McGinnis: The Case of Who Killed Lincoln?Written by Jeff McGinnis | | email@example.com
I think someone’s trying to kill me,” the man said as he sat down in my office.
I gazed at this odd guy from across my desk. I could swear I’d seen him somewhere before. Tall guy. Black suit. Beard with no mustache. Tall stovepipe hat. Hmm …. nah, can’t place it. Maybe he was a magician?
“That’s right, bunny … er, I mean, buddy,” I said, recovering smoothly. “Chik Chaos. I’m the guy who single-handedly determined that Harry Lime was framed and that Roger Rabbit acted alone. When you want a pop culture crime solved, I’m your man.”
“Well then, young man, you sound like just the investigatory personnel I need in my employ,” he replied.
What was this guy saying? Geez, what was he doing in Tinseltown? Certainly wasn’t trying to cash in on his looks. Tall, gangly fellow. Disgusting wart on his cheek that he really shoulda had removed if he was gonna last here in Hollywood. Poor guy. Were you born in a barn or log cabin or something? He doesn’t have a chance in this town, I thought.
“So why do you think someone’s after you, Frankenstein?” I asked sensitively.
“It all began four score and seven … sorry, force of habit. It began a few weeks ago, when my movie opened.”
Wait, this guy has a movie? Geez, they’ll give anyone a flick nowadays. What’s next, an “Evil Dead” remake with no Bruce Campbell? A gritty reimagining of Hansel and Gretel as monster hunters? Adam Sandler playing his own twin sister? Okay, I’ve said my peace.
“I went into a local cinema to see how the film turned out,” the man said. “I sat in a balcony facing the screen when suddenly I was overcome by this … feeling. A weird sense of déjà vu, like I’d been in this situation before. I wheeled around … and there was no one there.
“I sat there and I couldn’t enjoy the movie. I was convinced someone was lurking behind me the whole time, waiting to strike. It’s been like that ever since. I’ll be walking down the street, eating at Spago, filming Presidents Day commercials — and it’s always the same. Someone’s after me, I’m sure of it.”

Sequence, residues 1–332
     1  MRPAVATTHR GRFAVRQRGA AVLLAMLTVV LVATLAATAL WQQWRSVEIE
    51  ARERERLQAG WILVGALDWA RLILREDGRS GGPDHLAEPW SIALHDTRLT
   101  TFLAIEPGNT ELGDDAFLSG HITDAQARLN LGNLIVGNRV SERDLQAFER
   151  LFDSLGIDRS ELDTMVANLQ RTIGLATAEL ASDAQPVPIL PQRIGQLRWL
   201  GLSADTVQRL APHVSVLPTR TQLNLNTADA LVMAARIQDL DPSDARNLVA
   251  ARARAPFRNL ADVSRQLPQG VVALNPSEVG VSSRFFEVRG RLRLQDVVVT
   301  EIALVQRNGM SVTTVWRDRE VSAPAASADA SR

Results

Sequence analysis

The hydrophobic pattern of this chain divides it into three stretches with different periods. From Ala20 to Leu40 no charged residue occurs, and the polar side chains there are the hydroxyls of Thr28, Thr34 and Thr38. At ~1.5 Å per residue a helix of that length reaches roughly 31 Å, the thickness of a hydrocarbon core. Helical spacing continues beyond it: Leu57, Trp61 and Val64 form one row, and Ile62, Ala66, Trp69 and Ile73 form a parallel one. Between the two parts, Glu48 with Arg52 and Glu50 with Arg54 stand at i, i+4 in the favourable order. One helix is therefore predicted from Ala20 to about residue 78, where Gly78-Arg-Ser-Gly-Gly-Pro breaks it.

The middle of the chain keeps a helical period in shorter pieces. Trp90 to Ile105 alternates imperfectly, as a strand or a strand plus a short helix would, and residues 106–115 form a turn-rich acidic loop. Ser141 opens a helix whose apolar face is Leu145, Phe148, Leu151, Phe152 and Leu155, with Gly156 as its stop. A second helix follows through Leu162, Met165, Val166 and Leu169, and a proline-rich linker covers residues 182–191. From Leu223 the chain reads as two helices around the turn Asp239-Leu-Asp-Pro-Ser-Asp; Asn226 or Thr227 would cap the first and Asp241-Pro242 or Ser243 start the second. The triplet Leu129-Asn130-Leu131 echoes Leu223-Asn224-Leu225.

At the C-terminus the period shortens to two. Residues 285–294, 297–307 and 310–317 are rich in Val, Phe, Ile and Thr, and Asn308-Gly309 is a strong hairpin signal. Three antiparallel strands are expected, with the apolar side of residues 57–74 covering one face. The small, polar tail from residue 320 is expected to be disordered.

I was barely listening at this point. For one thing, his story wasn’t that interesting. For another, I was sure I’d seen this guy before. But where? It finally dawned on me — black clothes? That beard? He’s Amish. I wondered what he thought of all this magical technology I had in my office, like the electric lights and the toilet he didn’t have to go outside to use.
“Sounds like you’ve got a healthy case of the paranoias, Man of the Land,” I said. “Now, I know out here among us English that things can be kinda scary, but I assure you we’re not all out to … ”
He slammed his fist on my desk. Dammit, be careful, Little House, I thought. I just had that fixed.
“No! I assure you, young man, this is not paranoia! I see shadows creeping up on me at night, feel the chill down my neck at all hours. I’ve been here before. I know what this means. Someone’s after me!”
“Right you are, Abe,” a new voice said.
We turned to see a new arrival. Young, pale kid with ridiculously tall hair. It was comically spiky, like his stylist had used a weed whacker while sticking his thumb in an electrical socket. He had fangs bared, but he was nothing like any vampire I’d ever seen before. In the midday sun, it almost looked like he was … sparkling? What the hell kind of vampires sparkled?
“I am killing you in the theaters, Abe,” the vampire said. “But in a totally different way than usual. You may be bringing in the older crowd, but the kids are all out for me! I’m completely outdrawing you, old man! Face it, this time you’re dying at the box office!”
The man with the hat paused. Then, he laughed. Loud and long.
“You?! I’ve been so scared of you?! Oh, what a fool I’ve been!” he exclaimed.
The man stood to face the vampire. “First of all, you may be beating me for now. But your audience dies out quickly. Very quickly. You dropped nearly 70 percent in your second week. My audience actually grew by 20 percent. They will keep coming back for weeks. Months, even. All the way to Oscar season.”
He began to reach into his hat. Ooh! Is it a rabbit? Please let it be a rabbit!
“Second, I don’t think you remember my … hobby.”
“What hobby?” the vampire asked.
“Well, you are aware that I had … two movies this year, right?” The man pulled a long, wooden stake out of his hat.
“Aww …” I sighed in disappointment.
The vampire, eyes wide, ran from my office. The man chased in hot pursuit. I sat alone for a second, then propped my feet on my desk.
“Another successful case,” I muttered.